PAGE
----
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Chemistry in sport including stadiums

Andy Parsons introduces Week 4 of eeDc; chemistry in sport.
Sports and fitness plays a major part of our lives and has been greatly influenced by developments in Chemistry. When participating in our favourite sports, we regularly interact with a range of modern synthetic materials. In sports that use specialised equipment, such as golf, the impact of developments in Chemistry has been most obvious - over 100 years ago hickory wood shafts were used, this was followed by use of steel and aluminium, whereas today, composite fibres or polymers, including Kevlar, are typically used to propel golf balls faster and with greater accuracy.
But it is not just golf, nearly every sport relies on modern materials to produce high-performance equipment - whether it be tennis, football, cricket, canoeing, or skiing, polymers, composites and other advanced materials are commonly used - high-performance describes materials that are stronger, more resilient and lighter-weight than traditional materials, including wood and steel. When watching sport it is of course the athlete’s talent that inspires and enthuses us - athletes are faster and stronger than ever - and Chemistry plays a key role in their training, competition and recovery. Using the right equipment and choosing the appropriate sports drink, could mean the difference between winning a gold or a silver medal.
Although not all athletes can win medals, from time to time, they all suffer from injuries - it is estimated that around 65% of runners are injured in an average year. To help recover from a fall, twist or sprain, cold sprays, antiseptics, anaesthetics, anti-inflammatory medicines, not to mention plasters, bandages and sleeves, have an important part to play. Our tour of Chemistry in Sports looks at landmark developments in sports equipment, medicines and nutrition. This includes improvements in safety, such as protective clothing made from polyethylene and polycarbonates. We will also look at the more controversial use of performance-enhancing medicines, including stimulants, diuretics and most famously of all, anabolic steroids.
This topic helps to showcase the range of career opportunities available to chemists - many of our York Chemistry graduates go on to be polymer chemists, formulation chemists, organic chemists and materials scientists, and some go on to be analytical chemists - it is the advances in analytical chemistry that ensures modern techniques including gas chromatography-mass spectrometry can detect minute amounts of banned drugs, in an athlete’s blood or urine.

Welcome back to the course and our fourth and final week of study, which explores chemistry in sport!

Modern construction materials have transformed the design and performance of sports venues, whether it be a stadium, a velodrome or an aquatics centre. Venues can be built more quickly, stand the test of time better, and have lower energy usage. For example, the setting time of concrete can be formulated with additives – it can be set more quickly to reduce the building time, or more slowly if it needs to stay liquid for longer to allow it to be pumped further. Admixtures are specially formulated products that are added in small amounts to concrete, mortar or grout during the mixing process to change the concrete properties in the plastic and/or hardened state. These admixtures were used, for example, to speed up the construction of the Beijing olympic village, tennis centre and aquatics centre.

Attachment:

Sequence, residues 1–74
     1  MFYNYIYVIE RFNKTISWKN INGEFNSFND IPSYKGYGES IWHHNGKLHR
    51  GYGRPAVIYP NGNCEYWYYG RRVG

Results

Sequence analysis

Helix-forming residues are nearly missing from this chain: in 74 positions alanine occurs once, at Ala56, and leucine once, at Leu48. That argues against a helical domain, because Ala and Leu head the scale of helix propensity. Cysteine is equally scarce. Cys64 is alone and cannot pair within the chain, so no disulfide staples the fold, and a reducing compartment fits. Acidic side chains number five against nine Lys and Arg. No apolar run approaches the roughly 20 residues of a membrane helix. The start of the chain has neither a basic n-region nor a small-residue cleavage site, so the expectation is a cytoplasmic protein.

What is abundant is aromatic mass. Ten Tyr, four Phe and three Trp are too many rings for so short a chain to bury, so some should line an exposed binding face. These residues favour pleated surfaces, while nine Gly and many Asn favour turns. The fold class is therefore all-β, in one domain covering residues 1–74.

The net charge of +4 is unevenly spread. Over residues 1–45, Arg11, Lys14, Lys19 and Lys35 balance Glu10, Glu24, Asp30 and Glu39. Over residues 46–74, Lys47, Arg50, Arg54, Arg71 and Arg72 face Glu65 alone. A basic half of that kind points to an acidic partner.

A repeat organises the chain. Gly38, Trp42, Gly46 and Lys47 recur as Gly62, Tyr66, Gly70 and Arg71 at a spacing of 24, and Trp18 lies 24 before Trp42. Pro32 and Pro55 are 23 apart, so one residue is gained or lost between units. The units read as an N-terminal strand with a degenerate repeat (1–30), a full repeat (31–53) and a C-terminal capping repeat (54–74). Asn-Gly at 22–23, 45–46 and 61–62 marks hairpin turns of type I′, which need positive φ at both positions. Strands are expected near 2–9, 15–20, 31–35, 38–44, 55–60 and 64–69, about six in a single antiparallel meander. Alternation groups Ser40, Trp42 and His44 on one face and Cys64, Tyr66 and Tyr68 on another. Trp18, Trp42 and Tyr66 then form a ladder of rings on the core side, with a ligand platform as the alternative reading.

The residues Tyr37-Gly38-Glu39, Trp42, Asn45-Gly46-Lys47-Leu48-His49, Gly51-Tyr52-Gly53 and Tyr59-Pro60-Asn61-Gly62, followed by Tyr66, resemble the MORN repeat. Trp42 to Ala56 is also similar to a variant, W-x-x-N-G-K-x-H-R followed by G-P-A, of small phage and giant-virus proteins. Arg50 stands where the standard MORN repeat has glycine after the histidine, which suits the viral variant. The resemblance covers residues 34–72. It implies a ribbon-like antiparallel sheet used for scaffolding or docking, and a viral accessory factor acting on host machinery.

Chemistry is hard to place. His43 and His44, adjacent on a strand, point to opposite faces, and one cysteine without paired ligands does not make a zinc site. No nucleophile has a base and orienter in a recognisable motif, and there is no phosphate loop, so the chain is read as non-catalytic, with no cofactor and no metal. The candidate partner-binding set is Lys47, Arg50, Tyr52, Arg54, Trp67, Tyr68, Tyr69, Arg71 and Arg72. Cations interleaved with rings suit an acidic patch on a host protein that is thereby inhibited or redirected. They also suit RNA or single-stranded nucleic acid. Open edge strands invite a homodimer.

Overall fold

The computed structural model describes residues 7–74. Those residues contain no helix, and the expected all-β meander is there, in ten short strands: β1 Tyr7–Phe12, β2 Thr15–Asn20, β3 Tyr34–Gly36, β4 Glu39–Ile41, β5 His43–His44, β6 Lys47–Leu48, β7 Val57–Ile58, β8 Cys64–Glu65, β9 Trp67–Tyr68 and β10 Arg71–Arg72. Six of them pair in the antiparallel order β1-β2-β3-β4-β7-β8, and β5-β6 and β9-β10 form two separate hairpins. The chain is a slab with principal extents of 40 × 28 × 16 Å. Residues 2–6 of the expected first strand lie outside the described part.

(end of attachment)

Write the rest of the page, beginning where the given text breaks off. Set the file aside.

Chemistry also provides the paints and coatings that protect surfaces from the weather and other damage, and provide a decorative finish. Many modern coatings are ‘greener’ than traditional paints, and can protect just as well – if not better. Traditional paints are derived from fossil-fuels and release large amounts of volatile organic compounds (VOCs), as the paint dries and cures, which has environmental impacts. For example, for Bayer Leverkusen’s football stadium in Germany, poly(aspartic acid) coatings were used to protect the metal girders from corrosion. The coatings dry more quickly and thicker layers can be applied, so fewer coats are needed, and as there is less solvent to be evaporated, they are more environmentally friendly.

Poly(aspartic acid): an amino acid polymer

Poly(aspartic acid) (or PASA) is a large molecule, called a polymer, made up of repeating aspartic acid subunits (called monomers). The aspartic acid monomers are linked together by heating – they react to form amide bonds on loss of water. First, loss of water forms a five-membered ring called a succinimide, and multiple dehydration reactions form a polysuccinimide. This polymer is then treated with aqueous sodium hydroxide which attacks either C=O bond of the imides in a series of nucleophilic acyl substitution reactions – the term α unit or β unit is used according to which C=O bond of the imide is attacked.

This is just one of the more complicated ways of linking together subunits to form a range of useful polymers, which we will explore in subsequent sections. First, we will introduce polymers and why they are important in sports, including use in protective equipment where strong, tough materials are required – ‘hard’ chemistry in action!

Take a look at this undergraduate video, made by Hannah as part of our first year undergraduate macromolecules course, about golf balls.

This is an additional video, hosted on YouTube.

For a beginning-of-week teaser, see if you can identify the 8 pieces of protective sports equipment in the collage in the downloads section below and post your answers.

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Exploring Everyday Chemistry

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